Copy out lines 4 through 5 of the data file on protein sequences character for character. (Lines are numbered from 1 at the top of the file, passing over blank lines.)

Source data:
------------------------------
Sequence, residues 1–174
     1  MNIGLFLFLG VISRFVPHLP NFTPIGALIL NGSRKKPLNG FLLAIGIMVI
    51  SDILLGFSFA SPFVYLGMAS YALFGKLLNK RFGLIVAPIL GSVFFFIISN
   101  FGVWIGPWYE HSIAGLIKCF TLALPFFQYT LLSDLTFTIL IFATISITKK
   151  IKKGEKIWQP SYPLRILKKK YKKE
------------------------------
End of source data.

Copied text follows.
   101  FGVWIGPWYE HSIAGLIKCF TLALPFFQYT LLSDLTFTIL IFATISITKK
   151  IKKGEKIWQP SYPLRILKKK YKKE